Foreman: In 1366 Edward had control of much of South West France (known as Aquitaine). He had already made an alliance with King Pedro the Cruel of Castile and when king Pedro was ousted by his half brother Henry of Trastamara, Pedro asked for English help in regaining his throne.
Robin: Why was he called "Pedro the Cruel" ?
Foreman: I don't know why they called Pedro, "Pedro the Cruel" but he must have been pretty diabolical to be called "cruel" in those days. Rumour was that he had poisoned his missus.
Robin: So Henry was the goodie ?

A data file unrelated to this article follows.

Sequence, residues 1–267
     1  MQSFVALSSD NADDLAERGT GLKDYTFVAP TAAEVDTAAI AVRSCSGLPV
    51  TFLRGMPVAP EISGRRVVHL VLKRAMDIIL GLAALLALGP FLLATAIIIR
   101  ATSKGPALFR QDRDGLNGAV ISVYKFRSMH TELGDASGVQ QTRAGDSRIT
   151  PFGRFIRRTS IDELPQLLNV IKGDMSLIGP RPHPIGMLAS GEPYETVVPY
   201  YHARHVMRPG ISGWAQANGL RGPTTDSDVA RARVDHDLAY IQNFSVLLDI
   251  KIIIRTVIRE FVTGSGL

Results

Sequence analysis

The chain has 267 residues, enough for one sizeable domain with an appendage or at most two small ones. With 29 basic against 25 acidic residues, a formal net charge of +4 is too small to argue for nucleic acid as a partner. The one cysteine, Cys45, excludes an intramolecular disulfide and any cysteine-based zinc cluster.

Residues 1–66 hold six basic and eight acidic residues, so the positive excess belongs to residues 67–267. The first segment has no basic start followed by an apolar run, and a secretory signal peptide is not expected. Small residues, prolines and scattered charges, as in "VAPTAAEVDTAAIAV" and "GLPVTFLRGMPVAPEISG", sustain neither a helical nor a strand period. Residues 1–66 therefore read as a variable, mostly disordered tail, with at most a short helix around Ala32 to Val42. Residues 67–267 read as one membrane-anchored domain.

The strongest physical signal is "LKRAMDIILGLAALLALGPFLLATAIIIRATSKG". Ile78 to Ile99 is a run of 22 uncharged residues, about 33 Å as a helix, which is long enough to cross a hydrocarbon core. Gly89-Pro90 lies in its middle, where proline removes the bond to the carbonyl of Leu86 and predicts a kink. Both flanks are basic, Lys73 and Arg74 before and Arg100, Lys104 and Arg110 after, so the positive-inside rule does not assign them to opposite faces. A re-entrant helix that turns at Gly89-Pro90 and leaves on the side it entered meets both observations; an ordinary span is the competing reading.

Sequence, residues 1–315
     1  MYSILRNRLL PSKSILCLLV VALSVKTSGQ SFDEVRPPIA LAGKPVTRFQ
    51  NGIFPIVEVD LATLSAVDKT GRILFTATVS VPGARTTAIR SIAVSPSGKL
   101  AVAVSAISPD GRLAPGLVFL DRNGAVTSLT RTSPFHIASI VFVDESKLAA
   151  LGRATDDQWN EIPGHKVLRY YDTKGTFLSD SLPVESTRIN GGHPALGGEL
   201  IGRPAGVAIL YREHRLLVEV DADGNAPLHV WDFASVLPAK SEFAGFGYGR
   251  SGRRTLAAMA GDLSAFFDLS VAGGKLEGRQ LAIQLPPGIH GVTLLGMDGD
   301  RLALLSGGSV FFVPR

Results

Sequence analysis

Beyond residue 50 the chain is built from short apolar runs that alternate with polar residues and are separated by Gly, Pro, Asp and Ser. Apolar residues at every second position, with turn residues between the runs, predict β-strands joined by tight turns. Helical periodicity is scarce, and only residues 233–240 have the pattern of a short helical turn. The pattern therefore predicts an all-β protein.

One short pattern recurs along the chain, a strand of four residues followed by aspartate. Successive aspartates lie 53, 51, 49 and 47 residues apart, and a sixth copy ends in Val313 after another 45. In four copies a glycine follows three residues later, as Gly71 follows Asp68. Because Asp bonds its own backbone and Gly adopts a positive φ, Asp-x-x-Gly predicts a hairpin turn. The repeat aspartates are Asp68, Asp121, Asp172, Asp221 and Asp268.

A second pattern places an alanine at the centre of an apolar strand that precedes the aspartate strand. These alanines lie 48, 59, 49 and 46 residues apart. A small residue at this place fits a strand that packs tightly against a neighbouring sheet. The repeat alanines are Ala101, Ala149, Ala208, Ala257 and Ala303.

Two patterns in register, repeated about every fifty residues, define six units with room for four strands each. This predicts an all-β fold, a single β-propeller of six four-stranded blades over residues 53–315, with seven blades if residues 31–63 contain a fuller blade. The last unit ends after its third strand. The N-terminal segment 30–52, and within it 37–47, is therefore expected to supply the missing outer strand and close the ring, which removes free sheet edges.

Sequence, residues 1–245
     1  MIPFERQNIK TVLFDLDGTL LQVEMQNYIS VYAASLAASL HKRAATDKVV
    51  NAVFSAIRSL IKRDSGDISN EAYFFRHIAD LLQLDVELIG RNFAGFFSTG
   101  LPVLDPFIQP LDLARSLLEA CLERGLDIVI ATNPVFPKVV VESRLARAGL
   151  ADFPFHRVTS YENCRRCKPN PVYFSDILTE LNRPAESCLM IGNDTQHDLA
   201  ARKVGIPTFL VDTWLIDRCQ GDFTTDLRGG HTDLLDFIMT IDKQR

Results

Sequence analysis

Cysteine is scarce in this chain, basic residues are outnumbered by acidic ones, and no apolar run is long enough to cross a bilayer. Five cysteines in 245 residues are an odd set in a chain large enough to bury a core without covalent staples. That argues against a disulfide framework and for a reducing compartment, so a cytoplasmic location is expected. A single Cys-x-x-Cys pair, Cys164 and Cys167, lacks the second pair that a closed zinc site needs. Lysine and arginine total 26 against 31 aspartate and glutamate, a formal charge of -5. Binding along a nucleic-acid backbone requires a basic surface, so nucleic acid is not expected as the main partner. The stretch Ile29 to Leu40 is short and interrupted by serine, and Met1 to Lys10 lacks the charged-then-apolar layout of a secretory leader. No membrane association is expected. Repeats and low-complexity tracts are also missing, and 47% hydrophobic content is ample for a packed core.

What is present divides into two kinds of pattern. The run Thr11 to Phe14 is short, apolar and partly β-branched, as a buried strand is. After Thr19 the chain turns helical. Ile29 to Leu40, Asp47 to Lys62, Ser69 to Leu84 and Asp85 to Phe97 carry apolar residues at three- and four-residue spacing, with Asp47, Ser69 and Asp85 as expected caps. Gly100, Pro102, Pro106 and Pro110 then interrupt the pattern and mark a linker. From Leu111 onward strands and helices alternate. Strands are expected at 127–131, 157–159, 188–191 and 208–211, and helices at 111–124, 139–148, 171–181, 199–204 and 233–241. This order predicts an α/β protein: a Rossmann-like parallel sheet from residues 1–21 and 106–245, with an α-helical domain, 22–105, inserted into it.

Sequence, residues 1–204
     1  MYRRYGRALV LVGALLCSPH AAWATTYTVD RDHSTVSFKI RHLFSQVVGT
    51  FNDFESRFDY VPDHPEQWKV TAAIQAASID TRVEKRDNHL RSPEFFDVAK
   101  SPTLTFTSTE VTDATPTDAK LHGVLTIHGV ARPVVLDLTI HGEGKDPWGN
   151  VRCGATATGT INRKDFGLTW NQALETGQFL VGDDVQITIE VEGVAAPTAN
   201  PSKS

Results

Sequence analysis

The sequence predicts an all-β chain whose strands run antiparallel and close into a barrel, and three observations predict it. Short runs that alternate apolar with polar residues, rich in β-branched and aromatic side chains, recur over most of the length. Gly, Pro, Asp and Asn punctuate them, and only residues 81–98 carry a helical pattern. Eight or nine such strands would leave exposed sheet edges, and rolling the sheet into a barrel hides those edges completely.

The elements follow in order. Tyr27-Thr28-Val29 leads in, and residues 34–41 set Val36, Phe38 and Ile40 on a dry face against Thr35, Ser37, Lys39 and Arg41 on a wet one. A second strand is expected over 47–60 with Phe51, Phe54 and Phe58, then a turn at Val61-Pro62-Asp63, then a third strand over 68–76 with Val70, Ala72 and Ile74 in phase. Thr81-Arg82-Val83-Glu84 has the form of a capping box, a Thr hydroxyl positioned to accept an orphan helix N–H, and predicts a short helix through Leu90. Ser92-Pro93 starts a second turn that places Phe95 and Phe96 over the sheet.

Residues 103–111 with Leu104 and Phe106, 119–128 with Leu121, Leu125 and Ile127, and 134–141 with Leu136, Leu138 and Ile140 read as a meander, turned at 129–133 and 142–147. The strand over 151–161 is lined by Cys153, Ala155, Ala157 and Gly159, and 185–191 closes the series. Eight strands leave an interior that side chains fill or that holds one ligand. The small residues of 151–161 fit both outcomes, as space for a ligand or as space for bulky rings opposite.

Foreman: Not exactly, he was a bastard in more ways than one. The English saw an opportunity here perhaps to create a kingdom which spanned the Pyrenees. Because the Pyrenees had few passes, this would give Edward III a defensible base to intervene in both the Iberian peninsular to the South or to maintain or retreat from the English conquests in Southern France. The Pyrenean area in other words was like an enormous fortress, which could be used as a haven for retreat and as a base for attack. The kingdom had viable ports on the North coast on both sides of the Pyrenees, so that if the French rolled back the English out of Gascony, the English could retreat to their fastnesses in the mountains. At some later time troops and supplies could be landed in Northern Spain (San Sebastian) to effect a re-invasion from the mountains. A similar process would apply if the English continued to occupy South West France/ Gascony. They could land troops and supplies at Bordeaux or at Biarritz if they wanted to make incursions into Northern Spain. Well I don't know what the English court were really thinking, but that seems a viable idea to me. The idea of uniting the crowns of England and Navarre went back a further century to the reign of Henry the Fat of Navarre. You can see why Pedro readily agreed to concede to the English the whole of the Basque country if they would help him regain his throne. After all, Pedro currently had no kingdom at all, so to lose a big chunk of his domain in order to regain the whole lot was not a bad gamble. The Black Prince (Edward III's eldest son) lead the force of English, Gascons, Flemings and Spaniards which was intending to restore Pedro the Cruel to his throne. The Black Prince's younger brother, John of Gaunt (Edward's third son) lead the vanguard of the English force. (Well actually, Sir John Chandos, a very experienced and able English soldier, did all the leading but John of Gaunt, as a prince of royal blood, was nominally in charge.) The English force managed to out flank and rout the opposing Spaniards at the battle of Najera, which gives us an exact date (April 7th 1367) for the conjectural start point for the introduction of Morris Dancing into English culture. We know that the victory at Najera was celebrated by a pageant which included "danzas de espadas" (sword dances) and quite likely an appearance by St. George as he is the patron saint of Navarre as well as England. (The order of the Garter, or the Knights of St. George was inaugurated in 1346 by Edward III) In the Battle of Najera the Black Prince in the English royal coat of arms and a couple of the English/Welsh archers who played so large a part in several English victories in this period of history. It would appear that soldiers from England, Flanders and the Low Country were impressed by these Spanish pageants and took home ideas for public shows linked with celebrating the calendar customs associated with the main dates of the Christian year: Easter, Whitsun, Corpus Christi and Christmas. We should remember again at this point that the tradition says soldiers of John O'Gaunt acquired the dance not John O'Gaunt himself. However the Plymouth Morris Men's website says that John O'Gaunt brought back a troop of dancers in 1386 from his second campaign in Spain, so it looks like he was a patron to the dance. I don't know where that reference is from, I'll have to ask them. There would appear to bit more evidence that the dance was patronised at an early date by court circles in the Low Country as well. For instance we have a record of Rupert of Pfalz requesting that Peter of Aragon's wife send him a dance troupe of "Mauros sive Sarracenos Nigros" in 1367. Also, there are quite a few representations of the Morris stemming from Germany and the Low Countries in the 15th / 16th Centuries, some of which feature at least one "blackamoor" type figure. I can't tell for sure but they may depict 5 Christians (with possibly symbolic hats) and 5 Moorish (turbaned) figures including one "Blackamoor" or negro figure.